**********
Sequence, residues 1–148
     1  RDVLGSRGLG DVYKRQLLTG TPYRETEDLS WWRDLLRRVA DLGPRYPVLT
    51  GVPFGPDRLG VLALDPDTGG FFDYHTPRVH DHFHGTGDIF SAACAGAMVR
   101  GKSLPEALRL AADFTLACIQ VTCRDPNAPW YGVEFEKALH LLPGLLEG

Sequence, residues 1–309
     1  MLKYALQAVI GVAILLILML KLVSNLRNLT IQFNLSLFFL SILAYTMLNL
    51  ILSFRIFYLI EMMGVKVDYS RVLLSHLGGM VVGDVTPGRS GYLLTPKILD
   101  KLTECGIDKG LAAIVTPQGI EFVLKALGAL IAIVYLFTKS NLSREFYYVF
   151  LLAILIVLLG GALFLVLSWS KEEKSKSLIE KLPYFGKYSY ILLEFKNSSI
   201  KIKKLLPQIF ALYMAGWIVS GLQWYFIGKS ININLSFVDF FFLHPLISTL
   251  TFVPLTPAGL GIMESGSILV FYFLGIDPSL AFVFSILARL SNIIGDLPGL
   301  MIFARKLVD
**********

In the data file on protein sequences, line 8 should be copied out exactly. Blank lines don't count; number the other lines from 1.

   101  KLTECGIDKG LAAIVTPQGI EFVLKALGAL IAIVYLFTKS NLSREFYYVF